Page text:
Through deductions in their paychecks, most workers know they pay a lot for health insurance. But they might not know that employers make even larger payments on their behalf. In March 2008, employers in private industry spent an average of $1.92
per hour per worker, according to data from the U.S. Bureau of Labor Statistics (BLS).
Exactly how much employers contribute varies by occupation. The chart shows average employer costs per hour worked in private industry for each of five major occupational groups. These costs for health benefits ranged from 90 cents per hour for service
workers to $2.77 per hour for management, professional, and related occupations.
Variations in hourly costs reflect, in part, the fact that workers in some occupations are more likely than those in others to be offered health insurance. Service workers, for example, have a lower incidence of health benefits coverage than do people in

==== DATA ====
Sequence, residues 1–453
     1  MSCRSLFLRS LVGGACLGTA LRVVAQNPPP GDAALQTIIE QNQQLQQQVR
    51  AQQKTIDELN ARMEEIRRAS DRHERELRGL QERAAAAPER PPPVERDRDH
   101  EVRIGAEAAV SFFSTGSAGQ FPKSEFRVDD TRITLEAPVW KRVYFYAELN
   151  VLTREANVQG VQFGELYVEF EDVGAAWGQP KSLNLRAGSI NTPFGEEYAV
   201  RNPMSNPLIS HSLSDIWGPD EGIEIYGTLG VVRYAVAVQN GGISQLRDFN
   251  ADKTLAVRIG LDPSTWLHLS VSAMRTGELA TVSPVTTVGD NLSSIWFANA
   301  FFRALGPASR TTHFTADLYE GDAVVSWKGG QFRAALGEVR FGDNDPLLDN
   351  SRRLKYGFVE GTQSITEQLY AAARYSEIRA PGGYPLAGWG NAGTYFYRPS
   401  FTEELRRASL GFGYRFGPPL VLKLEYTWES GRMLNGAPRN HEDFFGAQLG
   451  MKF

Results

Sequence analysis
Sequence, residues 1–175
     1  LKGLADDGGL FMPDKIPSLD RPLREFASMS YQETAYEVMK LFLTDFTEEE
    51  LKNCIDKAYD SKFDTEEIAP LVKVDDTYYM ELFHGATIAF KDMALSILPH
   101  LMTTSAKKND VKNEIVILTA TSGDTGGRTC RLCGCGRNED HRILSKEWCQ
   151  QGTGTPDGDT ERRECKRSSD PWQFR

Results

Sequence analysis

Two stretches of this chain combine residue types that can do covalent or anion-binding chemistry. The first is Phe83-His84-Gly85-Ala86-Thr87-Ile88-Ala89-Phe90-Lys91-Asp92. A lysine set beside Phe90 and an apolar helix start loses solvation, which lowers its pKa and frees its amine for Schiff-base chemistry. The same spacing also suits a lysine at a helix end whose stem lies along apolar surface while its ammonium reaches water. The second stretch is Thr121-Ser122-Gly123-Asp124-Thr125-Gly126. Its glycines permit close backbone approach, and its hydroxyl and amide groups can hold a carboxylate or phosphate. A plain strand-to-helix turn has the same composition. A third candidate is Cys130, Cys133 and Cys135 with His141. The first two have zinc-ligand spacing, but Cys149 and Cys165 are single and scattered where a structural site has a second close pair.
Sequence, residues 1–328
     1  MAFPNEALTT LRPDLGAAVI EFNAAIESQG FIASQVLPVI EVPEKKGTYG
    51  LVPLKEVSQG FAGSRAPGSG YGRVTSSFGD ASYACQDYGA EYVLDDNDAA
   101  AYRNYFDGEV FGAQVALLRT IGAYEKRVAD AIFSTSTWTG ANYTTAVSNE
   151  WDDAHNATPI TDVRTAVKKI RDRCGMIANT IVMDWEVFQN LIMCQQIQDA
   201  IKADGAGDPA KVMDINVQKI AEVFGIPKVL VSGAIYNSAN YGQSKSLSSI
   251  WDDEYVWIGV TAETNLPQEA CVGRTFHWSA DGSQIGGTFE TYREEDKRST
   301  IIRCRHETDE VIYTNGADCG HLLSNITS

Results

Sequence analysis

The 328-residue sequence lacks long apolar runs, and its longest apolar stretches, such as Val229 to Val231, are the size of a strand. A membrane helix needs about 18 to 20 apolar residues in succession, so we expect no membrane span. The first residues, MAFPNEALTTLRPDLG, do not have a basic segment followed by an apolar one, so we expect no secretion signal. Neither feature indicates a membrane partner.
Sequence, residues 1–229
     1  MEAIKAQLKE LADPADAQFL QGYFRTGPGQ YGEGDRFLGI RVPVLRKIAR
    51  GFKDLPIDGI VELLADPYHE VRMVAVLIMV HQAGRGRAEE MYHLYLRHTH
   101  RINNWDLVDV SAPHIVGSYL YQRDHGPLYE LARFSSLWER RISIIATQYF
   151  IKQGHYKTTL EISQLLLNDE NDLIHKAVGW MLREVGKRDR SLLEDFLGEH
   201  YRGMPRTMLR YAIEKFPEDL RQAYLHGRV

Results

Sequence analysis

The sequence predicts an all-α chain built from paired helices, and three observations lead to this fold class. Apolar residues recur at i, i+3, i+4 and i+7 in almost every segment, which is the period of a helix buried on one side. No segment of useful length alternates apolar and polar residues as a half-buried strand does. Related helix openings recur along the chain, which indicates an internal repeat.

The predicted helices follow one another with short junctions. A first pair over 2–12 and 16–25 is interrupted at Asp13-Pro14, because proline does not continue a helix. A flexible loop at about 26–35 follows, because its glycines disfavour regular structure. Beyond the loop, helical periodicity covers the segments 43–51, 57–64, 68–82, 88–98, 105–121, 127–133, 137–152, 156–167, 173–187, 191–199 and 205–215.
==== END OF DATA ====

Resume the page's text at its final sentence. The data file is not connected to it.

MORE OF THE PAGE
other occupations—and, as a result, employers’ average costs are lower for these workers.
Data in the chart are from the BLS National Compensation Survey. To learn more, write to the BLS Office of Compensation and Working Conditions, 2 Massachusetts Avenue NE., Suite 4175, Washington, D.C. 20212; call (202) 691-6199; e-mail NCSinfo@bls.gov;
or visit online at www.bls.gov/ect.
For additional information about the types of benefits that employers offer, see "Overview of Employee Benefits" in the summer 2005 Quarterly, available online at www.bls.gov/opub/ooq/2005/summer/art02.pdf.